Stalin poster of the week is a weekly excursion into the fascinating world of propaganda posters of Iosif Stalin, leader of the USSR from 1929 until his death in 1953.
Here, Anita Pisch will showcase some of the most interesting Stalin posters, based on extensive research in the archives of the Russian State Library, and analyse what makes these images such successful propaganda.
Anita’s fully illustrated book, The personality cult of Stalin in Soviet posters, 1929 -1953, published by ANU Press, is available for free download here, and can also be purchased in hard copy from ANU Press.
Mikhail Mikhailovich Solov’ev’s ‘Such Women Didn’t and Couldn’t Exist in the Old Days’ of 1950 features a woman delegate making a speech, flanked on either side by a delegate who listens attentively to her.
Despite the depiction of women as holding positions of power and influence, this poster in fact makes the obligation women have to Stalin particularly explicit.
Solov’ev’s poster places Stalin on a wall in a frame, removed from the action of the real, earthly world. A palette of reds and gold is employed, sacred colours of the Orthodox icon, with the entire earthly domain bathed in golden light, representing the radiance of heaven.
Reminiscent of the Virgin in the icon, the women are dressed in blues and reds. The female delegate is the central figure of a holy trinity. Her placement behind a podium, which serves as a kind of socialist altar, and in front of Stalin’s looming image, is reminiscent of the placement of the Deity in the Orthodox Church.
Although the young woman does not adopt the Virgin’s pose of prayer, her attitude does draw attention upwards to the authoritative figure hovering above her, the position reserved for Jesus in the Church.
While the figures of the women are three dimensional, Stalin is flatter and monochrome, and stands against a symbolic and semi-stylised background – more of an iconic image than a real man. In many images of Stalin with a portrait of Lenin, the Lenin portrait is also in grayscale in contrast to the coloured flesh of Stalin. In this poster, Stalin’s hand lays across the page of an open book, almost as if he is taking an oath, or perhaps drawing on the authority of The Word.
While the strong young woman on the podium in the centre dominates the image, it is clear, both visually and through the text on the poster, that it is only through Stalin’s support that she can do so. It is only by virtue of his authority that she can exist at all.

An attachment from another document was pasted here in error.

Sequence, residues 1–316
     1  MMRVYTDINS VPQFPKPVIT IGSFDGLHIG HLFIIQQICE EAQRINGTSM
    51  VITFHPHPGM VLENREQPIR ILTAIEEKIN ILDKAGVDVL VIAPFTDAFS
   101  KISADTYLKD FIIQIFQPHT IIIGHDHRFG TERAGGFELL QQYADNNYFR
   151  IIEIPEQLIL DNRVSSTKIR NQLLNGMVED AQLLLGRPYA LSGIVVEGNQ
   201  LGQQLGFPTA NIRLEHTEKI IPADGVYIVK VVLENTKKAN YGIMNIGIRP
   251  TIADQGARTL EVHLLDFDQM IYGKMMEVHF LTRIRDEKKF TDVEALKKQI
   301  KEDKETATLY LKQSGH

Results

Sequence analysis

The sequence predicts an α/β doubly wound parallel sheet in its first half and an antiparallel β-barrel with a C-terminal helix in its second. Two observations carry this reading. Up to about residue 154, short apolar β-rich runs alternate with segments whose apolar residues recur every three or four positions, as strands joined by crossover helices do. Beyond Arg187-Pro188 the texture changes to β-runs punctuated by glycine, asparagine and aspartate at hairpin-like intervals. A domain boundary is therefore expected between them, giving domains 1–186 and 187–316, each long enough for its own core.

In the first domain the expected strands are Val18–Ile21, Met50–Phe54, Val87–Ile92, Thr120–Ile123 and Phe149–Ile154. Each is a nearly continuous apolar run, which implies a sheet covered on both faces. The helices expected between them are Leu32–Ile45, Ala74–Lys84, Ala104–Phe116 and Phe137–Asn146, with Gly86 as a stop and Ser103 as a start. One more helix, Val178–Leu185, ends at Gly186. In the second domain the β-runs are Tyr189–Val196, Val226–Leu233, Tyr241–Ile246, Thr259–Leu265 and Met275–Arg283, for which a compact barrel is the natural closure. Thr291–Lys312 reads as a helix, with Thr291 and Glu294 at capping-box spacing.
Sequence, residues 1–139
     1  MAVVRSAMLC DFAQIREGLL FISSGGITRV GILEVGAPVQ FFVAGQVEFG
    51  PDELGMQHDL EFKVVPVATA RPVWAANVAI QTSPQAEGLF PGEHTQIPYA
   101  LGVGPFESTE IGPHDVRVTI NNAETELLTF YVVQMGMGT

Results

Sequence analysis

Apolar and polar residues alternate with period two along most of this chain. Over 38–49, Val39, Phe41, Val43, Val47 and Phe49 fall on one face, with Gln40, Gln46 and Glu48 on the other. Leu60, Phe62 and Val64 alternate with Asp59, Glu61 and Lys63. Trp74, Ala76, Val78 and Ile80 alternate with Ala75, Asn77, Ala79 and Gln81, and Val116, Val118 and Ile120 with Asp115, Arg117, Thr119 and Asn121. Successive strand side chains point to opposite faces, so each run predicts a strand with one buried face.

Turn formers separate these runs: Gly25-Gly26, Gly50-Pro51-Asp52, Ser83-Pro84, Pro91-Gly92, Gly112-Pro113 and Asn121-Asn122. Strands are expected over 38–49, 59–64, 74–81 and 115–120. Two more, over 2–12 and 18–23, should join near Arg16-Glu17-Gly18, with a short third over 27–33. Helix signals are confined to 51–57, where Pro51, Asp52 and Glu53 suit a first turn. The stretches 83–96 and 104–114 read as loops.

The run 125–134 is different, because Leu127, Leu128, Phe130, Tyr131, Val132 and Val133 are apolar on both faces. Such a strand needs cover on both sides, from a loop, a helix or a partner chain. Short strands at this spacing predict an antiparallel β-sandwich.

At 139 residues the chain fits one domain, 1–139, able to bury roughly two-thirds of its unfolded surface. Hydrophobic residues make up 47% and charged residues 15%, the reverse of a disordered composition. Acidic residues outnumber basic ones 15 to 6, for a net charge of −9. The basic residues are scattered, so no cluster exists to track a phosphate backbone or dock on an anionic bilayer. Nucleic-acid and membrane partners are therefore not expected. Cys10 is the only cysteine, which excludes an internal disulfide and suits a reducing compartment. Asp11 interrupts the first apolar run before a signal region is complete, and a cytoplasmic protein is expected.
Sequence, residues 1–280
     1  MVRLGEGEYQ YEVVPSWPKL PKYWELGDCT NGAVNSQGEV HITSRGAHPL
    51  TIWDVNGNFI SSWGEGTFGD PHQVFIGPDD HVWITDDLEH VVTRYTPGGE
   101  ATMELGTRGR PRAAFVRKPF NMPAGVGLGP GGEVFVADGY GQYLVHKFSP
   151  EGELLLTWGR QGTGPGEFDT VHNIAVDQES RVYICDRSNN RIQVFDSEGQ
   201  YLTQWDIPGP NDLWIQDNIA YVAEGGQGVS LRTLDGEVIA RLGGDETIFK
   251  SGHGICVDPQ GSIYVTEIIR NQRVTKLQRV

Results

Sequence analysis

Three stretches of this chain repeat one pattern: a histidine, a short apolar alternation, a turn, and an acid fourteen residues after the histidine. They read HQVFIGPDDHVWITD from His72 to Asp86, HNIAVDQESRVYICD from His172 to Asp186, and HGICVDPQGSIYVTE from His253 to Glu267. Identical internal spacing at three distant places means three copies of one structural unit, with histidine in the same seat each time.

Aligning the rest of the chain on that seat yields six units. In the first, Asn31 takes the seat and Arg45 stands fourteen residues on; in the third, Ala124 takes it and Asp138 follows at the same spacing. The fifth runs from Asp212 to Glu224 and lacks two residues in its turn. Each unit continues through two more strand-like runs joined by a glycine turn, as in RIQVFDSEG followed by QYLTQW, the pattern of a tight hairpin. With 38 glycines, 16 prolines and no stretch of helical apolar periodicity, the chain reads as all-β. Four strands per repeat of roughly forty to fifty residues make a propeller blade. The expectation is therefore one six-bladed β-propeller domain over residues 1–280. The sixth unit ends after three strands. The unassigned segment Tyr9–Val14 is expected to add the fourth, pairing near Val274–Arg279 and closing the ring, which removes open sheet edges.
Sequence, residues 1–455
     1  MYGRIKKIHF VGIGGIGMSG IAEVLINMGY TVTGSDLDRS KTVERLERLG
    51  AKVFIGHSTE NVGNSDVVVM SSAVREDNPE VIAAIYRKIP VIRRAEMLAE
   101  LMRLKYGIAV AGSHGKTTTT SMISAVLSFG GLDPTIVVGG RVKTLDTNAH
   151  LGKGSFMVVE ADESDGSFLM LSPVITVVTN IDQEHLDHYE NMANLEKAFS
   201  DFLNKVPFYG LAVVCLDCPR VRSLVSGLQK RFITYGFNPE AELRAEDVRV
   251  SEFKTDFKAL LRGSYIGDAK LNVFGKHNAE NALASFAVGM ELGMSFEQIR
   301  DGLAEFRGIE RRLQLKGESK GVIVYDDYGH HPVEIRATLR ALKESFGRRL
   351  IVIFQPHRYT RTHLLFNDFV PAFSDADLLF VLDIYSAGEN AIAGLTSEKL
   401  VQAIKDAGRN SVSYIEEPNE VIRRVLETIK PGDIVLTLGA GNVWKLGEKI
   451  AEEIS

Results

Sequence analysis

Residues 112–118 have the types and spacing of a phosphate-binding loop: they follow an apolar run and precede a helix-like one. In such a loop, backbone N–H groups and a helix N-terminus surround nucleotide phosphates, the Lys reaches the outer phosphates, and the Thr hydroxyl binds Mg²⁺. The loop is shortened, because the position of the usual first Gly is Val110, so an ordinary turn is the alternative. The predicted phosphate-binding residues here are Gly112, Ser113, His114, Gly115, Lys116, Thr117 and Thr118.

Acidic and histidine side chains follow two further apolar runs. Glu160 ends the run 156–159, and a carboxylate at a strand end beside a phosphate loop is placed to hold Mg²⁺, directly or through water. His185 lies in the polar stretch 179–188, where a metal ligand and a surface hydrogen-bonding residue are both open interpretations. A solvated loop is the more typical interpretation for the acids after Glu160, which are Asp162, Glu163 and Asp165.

Stalin is captured in a stylised, rhetorical pose, which reflects, almost in mirror image, the pose of the young woman in front of him. The woman in the 1950 poster exists in the same symbolic relationship to Stalin as the blacksmith’s assistant did to the blacksmith-magician in the propaganda posters of 1920. In her pose, her gaze, and even her upswept hair, she is an imitator of Stalin, and his messenger in the everyday world from which, by 1950, he has almost totally retreated.
The text is taken from Stalin’s speech at the reception for female collective farm-shock workers of the beet fields on November 10, 1935 in which Stalin outlines how collectivisation of agriculture has liberated women. In the poster, it reinforces the identification of Stalin with Christ. It is Christ’s sacrifice that has saved humankind just as here it is Stalin who is the saviour of women, who could not find freedom or salvation before his advent.
Anita Pisch‘s book, The personality cult of Stalin in Soviet posters, 1929 – 1953, is now available for free download through ANU Press open access, or to purchase in hard copy for $83. This lavishly illustrated book, featuring reproductions of over 130 posters, examines the way in which Stalin’s image in posters, symbolising the Bolshevik Party, the USSR state, and Bolshevik values and ideology, was used to create legitimacy for the Bolshevik government, to mobilise the population to make great sacrifices in order to industrialise and collectivise rapidly, and later to win the war, and to foster the development of a new type of Soviet person in a new utopian world.
Visit Anita Pisch’s website at www.anitapisch.com